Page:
Magazine

Feature | Published in July 2016

TPAs Supporting Plan Design

Plan sponsors turn to TPAs for help with the mechanics of a retirement plan

By John Manganaro | July 2016

2016 Third Party Administrator Survey

Art by Josh Cochran

Just one among the many difficult aspects of learning to run a retirement plan is coming to appreciate the sometimes subtle, but clearly critical, differences between a recordkeeper and a third-party administrator (TPA)—a task made all the harder by the near-constant evolution in business models, technology and client service preferences.
 
Both types of service providers help the plan sponsor keep its plan running smoothly, from a disclosure and monitoring standpoint, for example. In fact, there are firms with the capability of offering both services. Many plan sponsors have a bundled arrangement, where the TPA and recordkeeper are one and the same; in an unbundled arrangement, a plan sponsor hires both a recordkeeper and a standalone TPA. So how do the two types of providers differ?
 
According to Jack Stewart, new business director for Qualified Plan Consultants LLC, a national TPA headquartered in Des Moines, Iowa, TPAs and recordkeepers both provide similar administration services, especially those pertaining to plan documents and nondiscrimination testing. “Pure TPAs, however, … can bring an extra value-added touch to the plan sponsor,” he says. “We’re a name and a face, an individual you can talk to about your plan and your thoughts on employee benefits administration more broadly.”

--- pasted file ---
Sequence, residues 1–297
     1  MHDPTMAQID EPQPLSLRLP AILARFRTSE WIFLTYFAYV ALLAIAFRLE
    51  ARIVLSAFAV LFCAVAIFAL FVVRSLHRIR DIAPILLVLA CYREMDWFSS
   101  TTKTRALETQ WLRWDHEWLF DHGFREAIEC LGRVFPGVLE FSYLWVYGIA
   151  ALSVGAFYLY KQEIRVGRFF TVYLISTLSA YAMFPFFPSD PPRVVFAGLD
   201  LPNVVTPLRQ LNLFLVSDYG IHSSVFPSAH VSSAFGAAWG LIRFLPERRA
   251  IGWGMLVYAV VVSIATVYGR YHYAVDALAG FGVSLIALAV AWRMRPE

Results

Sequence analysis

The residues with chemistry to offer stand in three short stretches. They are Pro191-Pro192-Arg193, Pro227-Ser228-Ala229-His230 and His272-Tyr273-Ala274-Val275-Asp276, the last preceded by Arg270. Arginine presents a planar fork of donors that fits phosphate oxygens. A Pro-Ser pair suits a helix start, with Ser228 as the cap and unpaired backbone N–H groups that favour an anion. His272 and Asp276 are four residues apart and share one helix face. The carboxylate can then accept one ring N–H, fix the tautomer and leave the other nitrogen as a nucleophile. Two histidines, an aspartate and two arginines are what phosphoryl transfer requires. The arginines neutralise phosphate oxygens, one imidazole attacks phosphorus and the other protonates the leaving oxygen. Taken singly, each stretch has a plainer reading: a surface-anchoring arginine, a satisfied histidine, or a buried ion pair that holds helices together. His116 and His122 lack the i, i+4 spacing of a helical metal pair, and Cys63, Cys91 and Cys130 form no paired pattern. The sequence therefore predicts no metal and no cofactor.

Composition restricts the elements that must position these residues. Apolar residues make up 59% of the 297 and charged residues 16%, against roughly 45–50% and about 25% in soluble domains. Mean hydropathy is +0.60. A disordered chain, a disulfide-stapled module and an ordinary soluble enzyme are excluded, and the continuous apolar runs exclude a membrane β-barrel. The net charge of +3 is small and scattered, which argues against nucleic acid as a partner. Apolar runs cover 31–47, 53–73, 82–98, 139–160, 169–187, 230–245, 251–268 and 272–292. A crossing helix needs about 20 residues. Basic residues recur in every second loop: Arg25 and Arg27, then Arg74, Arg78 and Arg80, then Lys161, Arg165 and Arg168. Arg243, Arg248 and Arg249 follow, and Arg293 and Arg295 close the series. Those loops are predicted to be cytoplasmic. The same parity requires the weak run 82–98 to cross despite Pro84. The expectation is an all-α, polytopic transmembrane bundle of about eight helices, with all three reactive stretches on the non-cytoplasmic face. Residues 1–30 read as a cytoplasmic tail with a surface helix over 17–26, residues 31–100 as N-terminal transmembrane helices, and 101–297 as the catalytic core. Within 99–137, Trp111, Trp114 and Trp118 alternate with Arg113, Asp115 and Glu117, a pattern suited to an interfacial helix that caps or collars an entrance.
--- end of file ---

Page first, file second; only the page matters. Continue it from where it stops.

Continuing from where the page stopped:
Unlike a recordkeeper, which primarily derives revenues from the retirement plan platform itself, Stewart says, a “pure TPA” derives all of its revenue from consulting work relating to plan design and administration.
 
Patrick Shelton, managing partner for the TPA firm Benefit Plans Plus in St. Louis and president of the National Institute of Pension Administrators (NIPA), an advocacy group for the TPA industry, generally agrees with the assessment.
 
“I’ll preface my comments by saying TPAs traditionally are centered in the micro- and small-plan market, but fundamentally for most plan sponsors, the value of a TPA will be found in supplementing their HR [human resource] departments—particularly [with everything concerning] the design and implementation of benefits,” Shelton says. “Typically, as you know, small and even midsized businesses have some tough decisions to make when building out their human resources capabilities, and so what we can do as a TPA is offer very affordable support that can take away much of the pressure of designing and running benefits plan packages.”
 
Both Shelton and Stewart explain that their firms can go deeper than most recordkeepers when it comes to plan design.

And whereas a recordkeeper could theoretically feel a sense of conflict when a plan sponsor wants to make more radical changes to its plan, which could call into question the fit between said recordkeeper and said plan sponsor, this is where the TPA can really step up and quarterback a potentially uncomfortable process.